The ground floor of the building opens up in the middle, extending the public facade of the left ground floor unit into the entryway, providing eyes on the street in anticipation of possible transformations. The right side ground floor unit is accessed by the split level elevator or the small staircase with a gentle slope extending the public pavement up onto this level. The main staircase is accessed trough a locked door and makes it self known to the public trough its shape in the entryway in addition to the small window providing a glimpse of the space behind it.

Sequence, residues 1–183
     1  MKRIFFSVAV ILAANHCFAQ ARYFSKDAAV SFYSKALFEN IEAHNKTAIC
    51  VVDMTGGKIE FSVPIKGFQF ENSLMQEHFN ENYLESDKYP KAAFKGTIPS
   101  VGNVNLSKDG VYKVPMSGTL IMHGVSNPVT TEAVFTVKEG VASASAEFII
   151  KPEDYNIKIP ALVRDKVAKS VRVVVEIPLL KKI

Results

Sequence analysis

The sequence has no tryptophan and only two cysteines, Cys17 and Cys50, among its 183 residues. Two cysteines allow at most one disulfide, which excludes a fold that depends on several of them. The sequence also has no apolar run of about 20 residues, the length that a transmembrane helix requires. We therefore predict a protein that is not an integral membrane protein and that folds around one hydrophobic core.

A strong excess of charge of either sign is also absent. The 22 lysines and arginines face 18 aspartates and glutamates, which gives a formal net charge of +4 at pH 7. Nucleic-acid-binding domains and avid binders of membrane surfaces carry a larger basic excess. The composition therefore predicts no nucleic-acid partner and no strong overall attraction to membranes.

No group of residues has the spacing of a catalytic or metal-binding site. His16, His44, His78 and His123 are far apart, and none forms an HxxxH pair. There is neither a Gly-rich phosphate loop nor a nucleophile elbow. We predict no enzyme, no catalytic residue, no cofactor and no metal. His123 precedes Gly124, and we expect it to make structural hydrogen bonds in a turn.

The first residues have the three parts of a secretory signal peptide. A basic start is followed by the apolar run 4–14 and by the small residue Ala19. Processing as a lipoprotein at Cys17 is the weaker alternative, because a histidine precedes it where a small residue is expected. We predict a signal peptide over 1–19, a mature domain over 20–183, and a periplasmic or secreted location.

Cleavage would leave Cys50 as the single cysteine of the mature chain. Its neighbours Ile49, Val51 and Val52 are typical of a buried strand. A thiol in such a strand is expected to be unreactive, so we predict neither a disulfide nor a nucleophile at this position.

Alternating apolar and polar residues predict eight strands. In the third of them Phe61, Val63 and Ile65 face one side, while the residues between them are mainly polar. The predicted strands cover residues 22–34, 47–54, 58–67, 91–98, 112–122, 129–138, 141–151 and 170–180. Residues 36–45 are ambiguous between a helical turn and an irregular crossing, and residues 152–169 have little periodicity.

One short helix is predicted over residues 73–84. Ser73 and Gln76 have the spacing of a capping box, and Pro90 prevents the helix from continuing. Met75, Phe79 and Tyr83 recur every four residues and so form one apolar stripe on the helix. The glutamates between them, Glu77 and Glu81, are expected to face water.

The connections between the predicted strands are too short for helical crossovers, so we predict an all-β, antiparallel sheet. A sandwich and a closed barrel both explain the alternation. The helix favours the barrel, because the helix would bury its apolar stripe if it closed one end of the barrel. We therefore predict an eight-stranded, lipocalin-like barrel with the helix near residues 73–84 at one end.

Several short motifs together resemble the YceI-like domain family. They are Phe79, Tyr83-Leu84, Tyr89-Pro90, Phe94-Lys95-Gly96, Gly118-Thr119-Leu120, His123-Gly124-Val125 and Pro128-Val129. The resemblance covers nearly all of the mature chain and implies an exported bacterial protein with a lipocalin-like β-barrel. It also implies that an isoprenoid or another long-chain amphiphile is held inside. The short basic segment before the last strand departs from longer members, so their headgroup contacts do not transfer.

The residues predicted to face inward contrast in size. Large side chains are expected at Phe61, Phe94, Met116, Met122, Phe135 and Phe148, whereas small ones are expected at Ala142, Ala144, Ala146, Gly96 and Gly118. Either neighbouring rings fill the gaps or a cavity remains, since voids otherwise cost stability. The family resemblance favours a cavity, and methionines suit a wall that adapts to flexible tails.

The plans above ground are symbolic, echoing the plans of the brick city of Oslo, which so successfully have withstood the test of time, and been adapted to different uses. It consists of a central hallway, smaller rooms to the back and spacious room to the front. The left side unit contains a French balcony occupying space in the left protruding element of the facade, together with the main staircase. The right side unit contains three rooms to the front, with the central one featuring a spacious bay window that cantilevers above the street. The facade has a horisontal composition expressed though continuous sills and slanted vertical cladding. At the ground floor level, the flat cladding is exchanged with vertical cladding with a curved front, a wooden version of the rusticated base. Under the left protruding element, the meeting between facade and ground is resolved into a small bench expressing the alternating facade rhythm provided by the main stair. A round wood column, a repeating element in the facade, opens up the corner, showing off the entryway and the commercial space on the left side.